Senator Al Franken wants to put a stop to “stalker apps”
The US Senate Judiciary Committee has voted in favour of the location privacy bill proposed by Senator Al Franken from Minnesota that would require mobile app developers to ask for permission before they can use any location data originating from a smartphone.
The Location Privacy Protection Act was created in response to the popularity of so-called “stalker apps”, that can secretly track the location of a mobile device.
The bill is opposed by software companies that rely on location data to run their business.
I know where you live
Many popular apps already ask users for permission to use their data, but there is a whole category of widely available software that can secretly record and report movements of a smartphone or tablet user to a third party.
These are often advertised to suspicious spouses or worried parents, but can be used by literally anyone. Stalking and wiretapping is illegal in most parts of the world, so the users of these apps might be breaking the law by just installing them. However, both Google Play Store and iTunes currently host a selection of this type of software.
If the bill becomes law, it will make the companies liable for the “stalking” software they develop. The only exception is when parents install such apps on their child’s device.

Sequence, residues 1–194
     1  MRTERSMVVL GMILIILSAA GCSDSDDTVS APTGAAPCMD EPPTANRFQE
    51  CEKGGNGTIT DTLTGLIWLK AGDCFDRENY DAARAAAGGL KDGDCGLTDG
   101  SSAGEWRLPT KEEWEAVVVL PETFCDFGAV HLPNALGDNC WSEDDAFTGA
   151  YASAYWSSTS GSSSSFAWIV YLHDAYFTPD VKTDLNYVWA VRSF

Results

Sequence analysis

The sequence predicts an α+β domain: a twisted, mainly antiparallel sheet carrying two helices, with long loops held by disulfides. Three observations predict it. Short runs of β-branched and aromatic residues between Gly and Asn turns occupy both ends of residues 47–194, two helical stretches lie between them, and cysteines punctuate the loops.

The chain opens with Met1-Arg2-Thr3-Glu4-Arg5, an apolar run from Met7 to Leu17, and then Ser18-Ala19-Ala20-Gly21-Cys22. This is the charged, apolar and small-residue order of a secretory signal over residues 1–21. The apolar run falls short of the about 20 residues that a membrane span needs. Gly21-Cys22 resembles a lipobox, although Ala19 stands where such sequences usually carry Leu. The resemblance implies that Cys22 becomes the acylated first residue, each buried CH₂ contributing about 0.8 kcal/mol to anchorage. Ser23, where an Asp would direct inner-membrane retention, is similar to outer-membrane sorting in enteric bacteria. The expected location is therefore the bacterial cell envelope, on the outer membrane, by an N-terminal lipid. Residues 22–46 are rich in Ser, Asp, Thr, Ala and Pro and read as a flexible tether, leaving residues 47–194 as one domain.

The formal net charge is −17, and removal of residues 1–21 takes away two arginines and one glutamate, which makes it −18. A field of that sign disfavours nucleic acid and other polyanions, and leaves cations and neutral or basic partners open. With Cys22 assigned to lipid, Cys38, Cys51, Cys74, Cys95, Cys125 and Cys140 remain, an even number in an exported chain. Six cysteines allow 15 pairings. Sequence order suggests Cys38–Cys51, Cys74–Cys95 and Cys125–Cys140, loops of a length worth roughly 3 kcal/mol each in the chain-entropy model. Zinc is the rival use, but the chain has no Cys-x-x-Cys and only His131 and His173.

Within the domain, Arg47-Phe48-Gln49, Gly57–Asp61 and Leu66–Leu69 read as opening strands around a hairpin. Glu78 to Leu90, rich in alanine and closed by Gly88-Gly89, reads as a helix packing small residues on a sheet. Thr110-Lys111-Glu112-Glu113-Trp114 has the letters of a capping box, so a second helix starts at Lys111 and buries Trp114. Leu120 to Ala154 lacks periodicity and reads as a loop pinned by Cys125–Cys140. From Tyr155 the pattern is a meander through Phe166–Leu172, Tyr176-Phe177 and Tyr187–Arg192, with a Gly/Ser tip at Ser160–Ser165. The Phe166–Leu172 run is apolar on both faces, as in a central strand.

“I believe that Americans have the fundamental right to control who can track their location, and whether or not that information can be given to third parties. But right now, companies—some legitimate, some sleazy—are collecting your or your child’s location and selling it to ad companies or who knows who else,” explained Franken.
Earlier this week, the US Federal Trade Commission published a report that revealed several popular apps designed for children were gathering information without any notification.
The bill was supported by both Republican and Democratic parties. However, some senators are worried it could have adverse effects on the development of apps that use location data for completely legitimate purposes. “I think the bill still needs a lot of work, particularly to assuage the concerns of technology innovators,” said Senator Chuck Schumer from New York.
“I’m going to vote for the bill today but I reserve the right to object to further movement unless and until some additional changes are made,” he added.
According to Franken, the bill will not be finalised until next year.
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